New beginnings call for new brands

Sampler looks at how New Year's resolutions have an effect on shoppers and their buying decisions.


Resolutions are often set with the best intentions. They’re not always easy, but a helpful hand from a brand is happily welcomed by consumers, particularly women who tend to make weight-loss or fitness-related resolutions at the stroke of midnight on Dec. 31.

So says a new survey from Toronto and New York-based product trial company Sampler. The findings from its research on “The Effect of New Year’s Resolutions on Consumer Buying Behaviour” included a pool of more than 1,000 shoppers,  mostly females, ranging between age 18 and 71 (of which 86% said they were the primary household shoppers).

Not surprisingly, 86% of the resolutions typically made by the survey respondents are health-related. What’s interesting to note, though, is that 87% of those goal-makers would to more likely to try a product if it helped them stick to and achieve their resolution.

“There is a huge market of consumers that are more inclined to stray away from their normal routines right at the beginning of the year,” the report says, adding that “New Year’s resolutions do have the potential to influence consumer buying patterns, as their thought process has shifted entirely during this period.”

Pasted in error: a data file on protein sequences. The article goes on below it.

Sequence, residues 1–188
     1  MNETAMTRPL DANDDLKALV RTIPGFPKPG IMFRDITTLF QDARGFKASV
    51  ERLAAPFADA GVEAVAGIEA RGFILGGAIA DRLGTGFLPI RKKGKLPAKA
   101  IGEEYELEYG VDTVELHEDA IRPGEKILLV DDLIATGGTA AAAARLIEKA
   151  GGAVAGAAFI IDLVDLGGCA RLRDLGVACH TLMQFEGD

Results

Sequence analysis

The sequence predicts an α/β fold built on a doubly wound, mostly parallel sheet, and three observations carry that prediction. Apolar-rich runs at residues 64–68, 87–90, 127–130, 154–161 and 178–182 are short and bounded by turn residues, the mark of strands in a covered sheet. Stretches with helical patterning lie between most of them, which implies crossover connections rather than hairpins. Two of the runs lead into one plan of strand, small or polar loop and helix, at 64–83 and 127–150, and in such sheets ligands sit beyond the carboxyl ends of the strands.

The research looked at resolutions as a way for marketers to speak to consumers, but also at the level of loyalty consumers have for brands in specific CPG categories like personal hygiene, snack and baby products. The responses were split, with almost half of shoppers (54%) saying that they aren’t loyal to one specific baby brand, as they tend to buy from a variety of companies. A larger percentage expressed a lack of brand loyalty for snack brands, with 68% saying that they buy different brands all the time. While only 53% claim to try different personal product brands.

Quality, effectiveness or taste of the product is a motivating factor for 70% of respondents when it comes to choosing, and sticking to, one brand over another. When it comes to buying for their family, they say they’d choose quality (63%) over price (37%).